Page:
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SCO Blames Linux For Bankruptcy Filing 321

Posted by Zonk
from the comment-write-themselves dept.
Stony Stevenson writes "SCO Group CEO Darl McBride is now claiming that competition from Linux was behind the company's filing of Chapter 11 bankruptcy. 'In a court filing in support of SCO's bankruptcy petition, McBride noted that SCO's sales of Unix-based products "have been declining over the past several years." The slump, McBride said, "has been primarily attributable to significant competition from alternative operating systems, including Linux." McBride listed IBM, Red Hat, Microsoft, and Sun Microsystems as distributors of Linux or other software that is "aggressively taking market share away from Unix.""
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SCO Blames Linux For Bankruptcy Filing

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  • by Kelson (129150) * on Tuesday September 18, 2007 @02:23PM (#20656733) Homepage Journal
    Okay, I'll grant that competition from Linux distributors probably has taken business away from their Unix offerings. (Not that there's a problem with that, it's just the way markets work.) Of course, I'm sure their "we'll sue our customers!" antics didn't help, as the distributors behind such Unix varieties as Solaris, AIX, HP-UX etc. don't seem to be in quite such dire straits.

    But let's not forget that a few years back, this SCO was known as Caldera. They were a Linux distributor. They were a founding partner in UnitedLinux [unitedlinux.com]. Then they bought Unix -- well, they bought something -- and changed their name to sound like the old SCO (Santa Cruz Operation), and refocused their business on Unix and lawsuits.

    Anyone want to bet that if they'd stuck with Caldera Linux as their primary business, they'd be doing a lot better today?

    To pull out an old analogy, it's like they started out as an automobile company, and then decided to switch to the buggy-whip business -- and now they're blaming the automobile companies for their business failures.
  • He will blame... (Score:4, Insightful)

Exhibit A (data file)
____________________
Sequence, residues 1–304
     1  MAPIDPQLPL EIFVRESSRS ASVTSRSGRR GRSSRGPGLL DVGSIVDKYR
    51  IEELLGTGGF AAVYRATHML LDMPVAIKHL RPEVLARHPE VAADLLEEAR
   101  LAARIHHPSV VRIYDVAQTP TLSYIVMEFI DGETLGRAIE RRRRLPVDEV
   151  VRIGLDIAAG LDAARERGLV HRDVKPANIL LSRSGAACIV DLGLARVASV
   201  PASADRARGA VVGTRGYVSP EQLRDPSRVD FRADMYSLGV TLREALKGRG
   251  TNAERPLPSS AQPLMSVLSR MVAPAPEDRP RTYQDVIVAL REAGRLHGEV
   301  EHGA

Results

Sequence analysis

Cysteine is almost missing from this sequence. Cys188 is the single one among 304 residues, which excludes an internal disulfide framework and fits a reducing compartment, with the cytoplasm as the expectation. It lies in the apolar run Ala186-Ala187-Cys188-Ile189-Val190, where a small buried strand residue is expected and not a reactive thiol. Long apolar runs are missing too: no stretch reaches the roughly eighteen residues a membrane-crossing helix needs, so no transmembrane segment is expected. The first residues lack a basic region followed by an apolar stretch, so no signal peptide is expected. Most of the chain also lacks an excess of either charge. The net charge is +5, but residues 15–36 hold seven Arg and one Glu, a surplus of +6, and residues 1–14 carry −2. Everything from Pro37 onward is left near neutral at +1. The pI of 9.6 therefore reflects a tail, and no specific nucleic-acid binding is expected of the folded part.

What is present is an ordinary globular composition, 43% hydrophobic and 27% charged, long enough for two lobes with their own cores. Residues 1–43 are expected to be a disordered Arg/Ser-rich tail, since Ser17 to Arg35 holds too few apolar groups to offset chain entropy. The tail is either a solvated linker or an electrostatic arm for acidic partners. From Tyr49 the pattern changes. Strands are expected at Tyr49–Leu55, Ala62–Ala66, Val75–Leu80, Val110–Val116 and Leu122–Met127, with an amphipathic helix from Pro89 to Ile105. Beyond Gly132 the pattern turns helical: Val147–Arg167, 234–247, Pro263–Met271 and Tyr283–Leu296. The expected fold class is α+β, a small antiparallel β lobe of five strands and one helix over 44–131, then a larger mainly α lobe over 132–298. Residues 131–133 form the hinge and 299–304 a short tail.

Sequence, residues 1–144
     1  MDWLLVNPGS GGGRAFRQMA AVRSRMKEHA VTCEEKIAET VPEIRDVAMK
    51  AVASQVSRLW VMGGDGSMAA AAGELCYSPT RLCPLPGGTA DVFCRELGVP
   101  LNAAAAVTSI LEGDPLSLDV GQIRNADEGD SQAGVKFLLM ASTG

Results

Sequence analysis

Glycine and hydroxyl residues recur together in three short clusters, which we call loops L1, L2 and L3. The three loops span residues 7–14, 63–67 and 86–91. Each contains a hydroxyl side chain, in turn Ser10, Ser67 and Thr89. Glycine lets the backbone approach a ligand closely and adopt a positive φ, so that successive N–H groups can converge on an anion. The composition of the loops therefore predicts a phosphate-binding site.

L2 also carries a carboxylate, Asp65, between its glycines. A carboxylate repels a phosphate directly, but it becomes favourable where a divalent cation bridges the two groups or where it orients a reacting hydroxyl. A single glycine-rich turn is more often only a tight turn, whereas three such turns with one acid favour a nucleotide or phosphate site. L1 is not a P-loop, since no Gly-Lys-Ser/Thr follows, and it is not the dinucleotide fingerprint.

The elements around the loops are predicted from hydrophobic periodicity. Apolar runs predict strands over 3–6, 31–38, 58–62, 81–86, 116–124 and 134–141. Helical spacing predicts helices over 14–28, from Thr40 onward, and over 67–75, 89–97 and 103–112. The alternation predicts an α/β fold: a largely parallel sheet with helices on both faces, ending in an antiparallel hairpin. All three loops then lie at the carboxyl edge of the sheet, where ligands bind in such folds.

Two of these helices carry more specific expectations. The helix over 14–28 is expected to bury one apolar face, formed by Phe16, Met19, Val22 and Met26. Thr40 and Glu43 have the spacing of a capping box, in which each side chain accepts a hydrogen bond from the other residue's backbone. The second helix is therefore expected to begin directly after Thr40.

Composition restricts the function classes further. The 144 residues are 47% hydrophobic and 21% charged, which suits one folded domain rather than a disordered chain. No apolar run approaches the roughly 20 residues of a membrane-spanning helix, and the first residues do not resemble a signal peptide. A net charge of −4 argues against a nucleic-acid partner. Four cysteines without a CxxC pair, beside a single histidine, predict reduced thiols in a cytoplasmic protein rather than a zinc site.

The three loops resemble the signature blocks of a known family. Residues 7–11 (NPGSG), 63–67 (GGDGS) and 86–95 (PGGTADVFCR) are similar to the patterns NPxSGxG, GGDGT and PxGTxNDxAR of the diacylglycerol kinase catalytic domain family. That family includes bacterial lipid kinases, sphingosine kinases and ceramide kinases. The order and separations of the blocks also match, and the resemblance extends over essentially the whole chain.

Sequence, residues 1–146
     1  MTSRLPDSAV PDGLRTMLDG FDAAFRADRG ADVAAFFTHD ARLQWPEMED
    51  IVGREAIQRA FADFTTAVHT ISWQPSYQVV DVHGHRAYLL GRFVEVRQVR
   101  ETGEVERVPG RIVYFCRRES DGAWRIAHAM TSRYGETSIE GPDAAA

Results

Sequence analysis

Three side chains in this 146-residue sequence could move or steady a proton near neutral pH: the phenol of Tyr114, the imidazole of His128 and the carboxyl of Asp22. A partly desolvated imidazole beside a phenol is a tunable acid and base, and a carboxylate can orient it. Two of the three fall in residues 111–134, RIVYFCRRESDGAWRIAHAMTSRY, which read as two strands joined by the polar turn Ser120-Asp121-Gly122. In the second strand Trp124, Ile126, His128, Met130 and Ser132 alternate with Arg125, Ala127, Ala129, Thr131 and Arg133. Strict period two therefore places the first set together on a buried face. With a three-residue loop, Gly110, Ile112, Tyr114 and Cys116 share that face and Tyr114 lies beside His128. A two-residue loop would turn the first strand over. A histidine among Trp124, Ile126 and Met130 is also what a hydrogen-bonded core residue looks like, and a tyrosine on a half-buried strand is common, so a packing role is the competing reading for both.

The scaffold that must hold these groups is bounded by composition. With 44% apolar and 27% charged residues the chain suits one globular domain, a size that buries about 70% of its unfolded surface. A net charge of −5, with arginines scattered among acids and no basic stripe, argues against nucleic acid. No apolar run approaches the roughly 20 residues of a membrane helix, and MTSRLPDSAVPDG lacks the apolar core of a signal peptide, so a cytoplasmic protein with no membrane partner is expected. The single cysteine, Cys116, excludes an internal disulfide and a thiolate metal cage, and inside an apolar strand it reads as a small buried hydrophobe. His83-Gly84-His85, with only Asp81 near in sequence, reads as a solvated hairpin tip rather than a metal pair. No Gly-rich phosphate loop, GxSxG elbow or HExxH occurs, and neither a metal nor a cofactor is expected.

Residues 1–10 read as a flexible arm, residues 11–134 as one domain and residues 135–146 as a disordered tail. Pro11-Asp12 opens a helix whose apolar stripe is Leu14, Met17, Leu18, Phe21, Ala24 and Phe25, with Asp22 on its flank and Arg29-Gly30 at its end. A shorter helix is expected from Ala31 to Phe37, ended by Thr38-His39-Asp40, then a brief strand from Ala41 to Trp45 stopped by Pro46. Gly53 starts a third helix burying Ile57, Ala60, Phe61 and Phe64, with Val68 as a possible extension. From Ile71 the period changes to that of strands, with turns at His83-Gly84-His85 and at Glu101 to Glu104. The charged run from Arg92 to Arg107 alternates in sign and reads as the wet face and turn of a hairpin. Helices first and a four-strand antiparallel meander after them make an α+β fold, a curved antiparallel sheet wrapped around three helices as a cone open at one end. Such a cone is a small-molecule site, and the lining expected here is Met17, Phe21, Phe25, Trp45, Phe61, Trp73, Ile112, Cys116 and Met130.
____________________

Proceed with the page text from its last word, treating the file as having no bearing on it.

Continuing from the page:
by AltGrendel (175092) <ag-slashdot@ex[ ].us ['it0' in gap]> on Tuesday September 18, 2007 @02:24PM (#20656759) Homepage
    ...everyone but himself. What an ego.
  • by querist (97166) on Tuesday September 18, 2007 @02:24PM (#20656765) Homepage
    Since when have Microsoft been distributing Linux? I suspect that Mr. McBride is mistaken or perhaps this is simply a despirate grab at anyone who has money. (Note he did not go after Ubuntu, etc. - only "deep pockets")
  • by unity100 (970058) on Tuesday September 18, 2007 @02:24PM (#20656769) Homepage Journal
    STILL stiff neck and scheming up until the end.

    lawyers of this company should be hanged in order to prevent more exploits in u.s. legal system.
  • by Anonymous Coward on Tuesday September 18, 2007 @02:25PM (#20656795)
    corporate cop-out speak:

    McBride listed IBM, Red Hat, Microsoft, and Sun Microsystems as distributors of Linux or other software that is "aggressively taking market share away from Unix."


    We would like to blame other entities for our inability to make a quality product that can compete in a competative marketplace. Simple put they are responsible for our incompetance.
  • Re:Tough noogies (Score:3, Insightful)

    by nomadic (141991) <nomadicworld.gmail@com> on Tuesday September 18, 2007 @02:26PM (#20656809) Homepage
    I fail to see the part of law where he's guaranteed to have a business model that works no matter what may compete with him.

    I fail to see where he's claiming that he's guaranteed one. All he's describing in the bankruptcy filing is why SCO failed.
  • by StickyWidget (741415) on Tuesday September 18, 2007 @02:27PM (#20656825)

    ..the bankruptcy had something to do with the de-emphasis on the marketing, development, support, and other attributes of OpenServer and UnixWare, and the emphasis on filing lawsuits. Surprisingly enough, they didn't start doing this till Darl McBride became CEO.

    Cause -> Effect.

    ~Sticky
    /Just a thought, just a thought.

  • Re:Tough noogies (Score:1, Insightful)

    by Major Blud (789630) * on Tuesday September 18, 2007 @02:28PM (#20656845) Homepage
    I wish someone could explain that to the RIAA.
  • Sun sells Unix (Score:3, Insightful)

    by khb (266593) on Tuesday September 18, 2007 @02:30PM (#20656879)
    As best I can tell, and it's certified http://docs.sun.com/app/docs/doc/802-1953/6i5uv2sif [sun.com]. I'll bet HP-UX and AIX are too. So is Daryl's claim t that his Unix isn't as marketable as other people's Unixes??
  • by Anonymous Coward on Tuesday September 18, 2007 @02:31PM (#20656917)

    I don't know that if they'd stuck with the Caldera name and business model that they would have succeeded. After all, how much space is there really for commercial support in the Linux space. Maybe they'd have succeeded, maybe not - but their legal antics and operatic press releases made them look like maniacs. And that is entirely their own fault.